See the first photos of an exhausted but smiling Tim Peake after re-entering Earth

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British astronaut Tim Peake has made a dramatic return to Earth after six months on the International Space Station (ISS), describing it as "the best ride I've been on ever".

His space capsule parachuted down on to a remote patch of the vast Kazakhstan steppe to land on a cushion of fire from its retro rockets at 10.15am UK time.

Soyuz TMA-19M capsule carrying Nasa's Tim Kopra, Tim Peake of the European Space Agency and Russian agency Roscosmos' Yuri Malenchenko.
(Shamil Zhumatov/AP)

A gust of wind rolled the tiny craft, measuring just over six feet across, on its side before the arrival of the recovery team, but all three crew members were said to be in good shape.

Soyuz TMA N-19 spacecraft landing.
(Bill Ingalls/Nasa)

One by one they were lifted out of the capsule, charred by the heat of re-entry, and placed in comfortable chairs.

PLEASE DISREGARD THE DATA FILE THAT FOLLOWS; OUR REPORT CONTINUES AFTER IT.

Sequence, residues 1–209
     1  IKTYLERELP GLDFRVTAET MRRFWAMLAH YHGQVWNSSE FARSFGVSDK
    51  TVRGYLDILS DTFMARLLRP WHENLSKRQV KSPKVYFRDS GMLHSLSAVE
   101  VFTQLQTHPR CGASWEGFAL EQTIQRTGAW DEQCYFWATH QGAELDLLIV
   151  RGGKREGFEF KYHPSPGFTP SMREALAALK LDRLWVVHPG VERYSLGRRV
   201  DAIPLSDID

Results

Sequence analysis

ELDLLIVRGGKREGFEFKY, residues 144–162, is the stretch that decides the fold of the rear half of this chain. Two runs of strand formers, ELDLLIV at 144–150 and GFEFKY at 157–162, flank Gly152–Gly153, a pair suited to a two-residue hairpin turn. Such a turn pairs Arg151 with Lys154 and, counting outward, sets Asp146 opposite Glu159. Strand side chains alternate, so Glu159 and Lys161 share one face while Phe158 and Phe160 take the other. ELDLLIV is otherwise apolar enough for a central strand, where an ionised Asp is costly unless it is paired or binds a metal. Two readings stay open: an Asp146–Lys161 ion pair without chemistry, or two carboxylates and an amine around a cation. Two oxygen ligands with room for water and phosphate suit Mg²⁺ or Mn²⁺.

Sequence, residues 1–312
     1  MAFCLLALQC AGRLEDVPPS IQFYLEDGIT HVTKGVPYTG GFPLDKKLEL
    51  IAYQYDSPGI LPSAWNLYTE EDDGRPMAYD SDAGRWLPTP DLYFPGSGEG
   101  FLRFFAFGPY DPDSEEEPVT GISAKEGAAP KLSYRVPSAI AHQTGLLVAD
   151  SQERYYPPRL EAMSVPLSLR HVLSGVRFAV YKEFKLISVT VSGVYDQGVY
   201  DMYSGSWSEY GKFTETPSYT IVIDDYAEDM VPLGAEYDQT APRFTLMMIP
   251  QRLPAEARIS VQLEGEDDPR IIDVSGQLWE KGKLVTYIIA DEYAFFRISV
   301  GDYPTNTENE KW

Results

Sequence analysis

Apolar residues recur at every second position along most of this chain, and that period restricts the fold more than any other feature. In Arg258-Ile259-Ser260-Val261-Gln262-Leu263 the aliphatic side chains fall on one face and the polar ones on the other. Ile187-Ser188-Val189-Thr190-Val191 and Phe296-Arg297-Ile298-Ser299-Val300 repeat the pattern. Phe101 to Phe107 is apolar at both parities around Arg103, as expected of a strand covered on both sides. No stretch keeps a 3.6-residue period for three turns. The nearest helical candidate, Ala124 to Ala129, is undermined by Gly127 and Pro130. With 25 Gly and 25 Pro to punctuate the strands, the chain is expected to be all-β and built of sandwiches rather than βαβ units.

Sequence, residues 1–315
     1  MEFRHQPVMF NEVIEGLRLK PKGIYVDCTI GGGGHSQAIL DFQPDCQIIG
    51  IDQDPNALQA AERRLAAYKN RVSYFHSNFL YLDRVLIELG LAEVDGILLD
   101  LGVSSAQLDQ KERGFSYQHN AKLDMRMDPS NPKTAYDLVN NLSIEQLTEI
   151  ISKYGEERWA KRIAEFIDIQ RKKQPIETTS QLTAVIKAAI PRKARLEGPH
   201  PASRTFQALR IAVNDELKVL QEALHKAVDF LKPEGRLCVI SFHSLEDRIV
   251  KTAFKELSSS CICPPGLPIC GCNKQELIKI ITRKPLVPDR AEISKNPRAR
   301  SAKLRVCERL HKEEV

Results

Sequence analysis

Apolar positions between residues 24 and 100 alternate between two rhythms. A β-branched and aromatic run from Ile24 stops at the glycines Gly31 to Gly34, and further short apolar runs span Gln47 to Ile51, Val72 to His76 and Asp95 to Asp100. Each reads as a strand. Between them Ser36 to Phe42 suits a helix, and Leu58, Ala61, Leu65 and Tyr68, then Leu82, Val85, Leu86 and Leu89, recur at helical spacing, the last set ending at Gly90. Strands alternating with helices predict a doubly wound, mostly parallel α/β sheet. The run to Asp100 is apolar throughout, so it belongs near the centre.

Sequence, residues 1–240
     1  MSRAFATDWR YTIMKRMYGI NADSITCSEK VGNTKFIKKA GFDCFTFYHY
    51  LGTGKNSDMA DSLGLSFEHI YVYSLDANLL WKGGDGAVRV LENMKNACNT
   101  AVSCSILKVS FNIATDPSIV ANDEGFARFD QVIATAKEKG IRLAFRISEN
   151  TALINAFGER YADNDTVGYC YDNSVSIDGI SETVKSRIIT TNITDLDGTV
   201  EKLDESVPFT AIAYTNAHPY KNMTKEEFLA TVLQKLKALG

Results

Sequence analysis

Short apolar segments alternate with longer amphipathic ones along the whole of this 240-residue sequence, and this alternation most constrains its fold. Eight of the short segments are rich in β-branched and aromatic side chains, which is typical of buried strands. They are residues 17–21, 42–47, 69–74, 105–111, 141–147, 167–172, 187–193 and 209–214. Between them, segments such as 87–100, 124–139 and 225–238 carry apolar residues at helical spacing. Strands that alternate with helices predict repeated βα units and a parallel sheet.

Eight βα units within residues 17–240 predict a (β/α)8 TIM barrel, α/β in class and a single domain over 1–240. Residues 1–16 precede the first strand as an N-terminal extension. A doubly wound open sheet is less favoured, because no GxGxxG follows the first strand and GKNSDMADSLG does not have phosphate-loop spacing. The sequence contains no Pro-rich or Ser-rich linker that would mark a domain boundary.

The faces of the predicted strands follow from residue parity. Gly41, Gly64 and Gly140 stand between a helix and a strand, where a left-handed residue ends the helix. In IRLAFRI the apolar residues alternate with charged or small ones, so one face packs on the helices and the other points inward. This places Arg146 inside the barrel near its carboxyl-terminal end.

Search and rescue team members roll the Soyuz TMA-19M capsule carrying NASA's Tim Kopra, Tim Peake of the European Space Agency and Russian agency Roscosmos' Yuri Malenchenko.
(Shamil Zhumatov/AP)

Peake, travelling with American Nasa astronaut Colonel Tim Kopra and Russian cosmonaut Yuri Malenchenko, was the second to leave the capsule.

Tim Peake, Russia's Yuri Malenchenko and Tim Kopra of US after landing in Kazakhstan.
(Shamil Zhumatov/AP)

Looking exhausted at first, with his eyes closed, he then smiled broadly and gave a thumbs up to TV crews who had travelled to the landing site.

Tim Peake gestures shortly after landing near the town of Dzhezkazgan, Kazakhstan.
(Shamil Zhumatov/AP)

Asked how he felt, he said: "Great, thanks. It was incredible - the best ride I've been on ever.

"I'm just truly elated. The smells of the Earth are so strong. It's just wonderful to feel the fresh air.

"I'm looking forward to seeing the family now."

Tim Peake being carried to a medical tent.
(Bill Ingalls/Nasa)

After speaking to the media and his family on the phone, Peake and his crew members were carried away to the helicopter travel to to Karaganda airport where, according to tradition, they will be offered bread and salt and a traditional Kazakh hat.

Tim Peake shortly after landing near the town of Dzhezkazgan.
(Shamil Zhumatov/AP)

Peake will then be flown to the European Astronaut Centre in Cologne, Germany, while his US and Russian colleagues go to Houston and Star City, near Moscow.